The Christopher Columbus Controversy: Western Civilization vs. Primitivism, Michael Berliner

877 Words4 Pages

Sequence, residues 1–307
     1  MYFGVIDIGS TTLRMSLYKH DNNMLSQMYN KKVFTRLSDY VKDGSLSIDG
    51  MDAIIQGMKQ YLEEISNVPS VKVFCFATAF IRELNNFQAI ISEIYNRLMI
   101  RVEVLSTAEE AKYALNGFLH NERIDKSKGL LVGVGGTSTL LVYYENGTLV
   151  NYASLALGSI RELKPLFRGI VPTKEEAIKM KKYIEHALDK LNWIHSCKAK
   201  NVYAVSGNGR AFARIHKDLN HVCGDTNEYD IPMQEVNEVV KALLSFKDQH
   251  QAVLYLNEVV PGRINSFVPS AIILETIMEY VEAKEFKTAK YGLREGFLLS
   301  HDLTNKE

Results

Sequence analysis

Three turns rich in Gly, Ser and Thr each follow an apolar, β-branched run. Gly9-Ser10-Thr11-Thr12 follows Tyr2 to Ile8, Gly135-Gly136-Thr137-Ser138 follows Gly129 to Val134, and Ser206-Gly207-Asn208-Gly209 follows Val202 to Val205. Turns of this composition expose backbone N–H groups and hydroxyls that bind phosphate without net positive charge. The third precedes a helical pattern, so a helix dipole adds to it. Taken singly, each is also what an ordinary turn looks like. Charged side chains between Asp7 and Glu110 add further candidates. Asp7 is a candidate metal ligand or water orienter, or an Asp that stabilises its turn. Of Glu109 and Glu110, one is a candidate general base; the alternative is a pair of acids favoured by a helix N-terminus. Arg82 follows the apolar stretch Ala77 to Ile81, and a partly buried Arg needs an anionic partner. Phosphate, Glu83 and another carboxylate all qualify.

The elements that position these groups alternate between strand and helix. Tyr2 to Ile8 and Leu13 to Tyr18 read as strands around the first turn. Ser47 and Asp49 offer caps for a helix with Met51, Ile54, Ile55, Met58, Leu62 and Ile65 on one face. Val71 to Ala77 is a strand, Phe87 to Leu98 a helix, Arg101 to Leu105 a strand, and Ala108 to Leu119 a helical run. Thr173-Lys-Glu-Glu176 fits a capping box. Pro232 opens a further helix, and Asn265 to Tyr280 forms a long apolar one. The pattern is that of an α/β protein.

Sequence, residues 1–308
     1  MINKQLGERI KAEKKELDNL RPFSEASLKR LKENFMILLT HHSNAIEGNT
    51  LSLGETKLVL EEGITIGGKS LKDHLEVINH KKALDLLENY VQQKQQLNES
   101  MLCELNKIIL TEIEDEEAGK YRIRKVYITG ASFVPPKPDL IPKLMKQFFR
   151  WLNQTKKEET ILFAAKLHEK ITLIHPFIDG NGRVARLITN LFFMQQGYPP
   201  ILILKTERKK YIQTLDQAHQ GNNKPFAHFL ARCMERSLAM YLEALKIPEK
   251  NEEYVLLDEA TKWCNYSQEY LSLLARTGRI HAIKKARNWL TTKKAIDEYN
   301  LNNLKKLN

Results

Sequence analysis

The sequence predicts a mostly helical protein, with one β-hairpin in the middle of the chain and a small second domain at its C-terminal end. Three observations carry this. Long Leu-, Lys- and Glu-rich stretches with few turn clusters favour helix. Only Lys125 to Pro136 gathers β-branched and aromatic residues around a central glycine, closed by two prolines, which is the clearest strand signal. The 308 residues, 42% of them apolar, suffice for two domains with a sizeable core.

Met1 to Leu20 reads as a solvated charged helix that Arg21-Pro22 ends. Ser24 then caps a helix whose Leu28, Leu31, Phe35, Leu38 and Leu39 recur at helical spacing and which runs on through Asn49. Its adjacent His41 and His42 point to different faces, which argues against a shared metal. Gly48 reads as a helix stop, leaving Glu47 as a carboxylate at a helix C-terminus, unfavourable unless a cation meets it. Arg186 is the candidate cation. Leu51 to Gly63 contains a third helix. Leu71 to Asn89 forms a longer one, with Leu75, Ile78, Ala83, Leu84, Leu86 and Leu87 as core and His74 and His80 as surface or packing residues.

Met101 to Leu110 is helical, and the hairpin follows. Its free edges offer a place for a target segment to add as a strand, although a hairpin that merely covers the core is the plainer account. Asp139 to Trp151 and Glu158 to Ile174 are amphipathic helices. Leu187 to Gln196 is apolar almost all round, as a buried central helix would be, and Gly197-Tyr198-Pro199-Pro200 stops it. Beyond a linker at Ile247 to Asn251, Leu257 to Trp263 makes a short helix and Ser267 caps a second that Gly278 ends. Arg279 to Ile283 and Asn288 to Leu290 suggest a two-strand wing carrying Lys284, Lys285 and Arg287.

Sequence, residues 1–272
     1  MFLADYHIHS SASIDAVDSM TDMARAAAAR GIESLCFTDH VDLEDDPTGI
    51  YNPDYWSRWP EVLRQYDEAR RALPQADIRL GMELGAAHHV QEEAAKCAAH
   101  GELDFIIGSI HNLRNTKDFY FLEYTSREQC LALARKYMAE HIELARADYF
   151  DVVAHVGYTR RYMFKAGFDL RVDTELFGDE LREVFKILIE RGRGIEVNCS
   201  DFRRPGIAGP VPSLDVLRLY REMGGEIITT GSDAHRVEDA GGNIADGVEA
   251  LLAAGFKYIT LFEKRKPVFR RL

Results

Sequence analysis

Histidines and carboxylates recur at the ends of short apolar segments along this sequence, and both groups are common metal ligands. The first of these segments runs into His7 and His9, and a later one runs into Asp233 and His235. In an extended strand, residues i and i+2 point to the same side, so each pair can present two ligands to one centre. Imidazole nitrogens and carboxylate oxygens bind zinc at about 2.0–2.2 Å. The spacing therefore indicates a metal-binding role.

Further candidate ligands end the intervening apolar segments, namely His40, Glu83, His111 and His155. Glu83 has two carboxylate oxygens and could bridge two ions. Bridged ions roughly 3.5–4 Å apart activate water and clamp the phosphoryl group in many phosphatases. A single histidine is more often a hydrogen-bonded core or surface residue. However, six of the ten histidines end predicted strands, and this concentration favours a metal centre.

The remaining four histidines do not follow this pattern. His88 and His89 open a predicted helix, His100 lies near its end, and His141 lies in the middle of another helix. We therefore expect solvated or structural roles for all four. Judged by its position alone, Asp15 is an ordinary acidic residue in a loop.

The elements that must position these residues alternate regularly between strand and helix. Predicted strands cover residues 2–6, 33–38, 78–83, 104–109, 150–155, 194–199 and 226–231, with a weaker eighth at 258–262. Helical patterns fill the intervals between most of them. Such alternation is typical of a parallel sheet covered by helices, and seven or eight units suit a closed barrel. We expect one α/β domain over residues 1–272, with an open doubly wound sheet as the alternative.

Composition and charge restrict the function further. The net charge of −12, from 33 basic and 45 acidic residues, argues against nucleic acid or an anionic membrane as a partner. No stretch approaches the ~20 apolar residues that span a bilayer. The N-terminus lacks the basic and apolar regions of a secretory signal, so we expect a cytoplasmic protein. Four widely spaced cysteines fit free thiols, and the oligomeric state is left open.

The controversy of whether or not Christopher Columbus should continue to be acknowledged by a federal holiday proves that his legacy has not escaped the scrutiny of history. Arguments born of both sides of the controversy stem from issues such as genocide, racism, multiculturalism, geographical land rights, and the superiority of certain cultures over others. In The Christopher Columbus Controversy: Western Civilization vs. Primitivism, Michael Berliner, Ph.D. declares that recognition of Columbus Day is well-deserved, claiming that Western civilization is superior to all other cultures and Columbus personifies this truth. On the contrary, Jack Weatherford's Examining the Reputation of Christopher Columbus equates Columbus' so-called discovery with brutal genocide and the destruction of ancient sophisticated civilizations. These articles demonstrate two extreme points of view in a manner that makes clear each authors' goals, leading the reader to consider issues of author bias, motivation, and information validity. Berliner's article, which appears in Capitalism Magazine, makes his pro-Columbus stance clear with the subtitle of his article: "Western Civilization vs. Primitivism," an obvious implication that primitivism is the only alternative to Western civilization and that all non-western cultures are primitive. He criticizes the "politically correct" for trying to "intimidate schools across the country into replacing Columbus Day celebrations with 'ethnic diversity' days" and claims that the actual target for attacks on Columbus Day is Western civilization (Berliner par. 2). Berliner insists that Western civilization (a term he considers synonymous with the federal holiday) is the "objectively superior culture" (par. 5), and that an attempt to challenge this threatens to perpetuate the racism that (according to him) is created by ethnic identity and celebration of cultural diversity. Weatherford presents the antithesis to Berliner's argument. He begins by pointing out that Christopher Columbus never set foot on the North American continent, nor did he open it to European trade: "Scandinavian Vikings already had settlements here in the eleventh century, and British fisherman probably fished the shores of Canada for decades" (Weatherford par. 2). Recognizing that apologists like Berliner are instead commemorating Columbus' discovery as the great "cultural encounter," he describes the heinous crimes against humanity that Columbus introduced to the new world. "Under [the apologist] interpretation," Weatherford contends, "Columbus becomes a sensitive genius thinking beyond his time in the passionate pursuit of knowledge and understanding"(par. 3) when actually he prompted the first wave of North American genocide, slavery, and European-style warfare.

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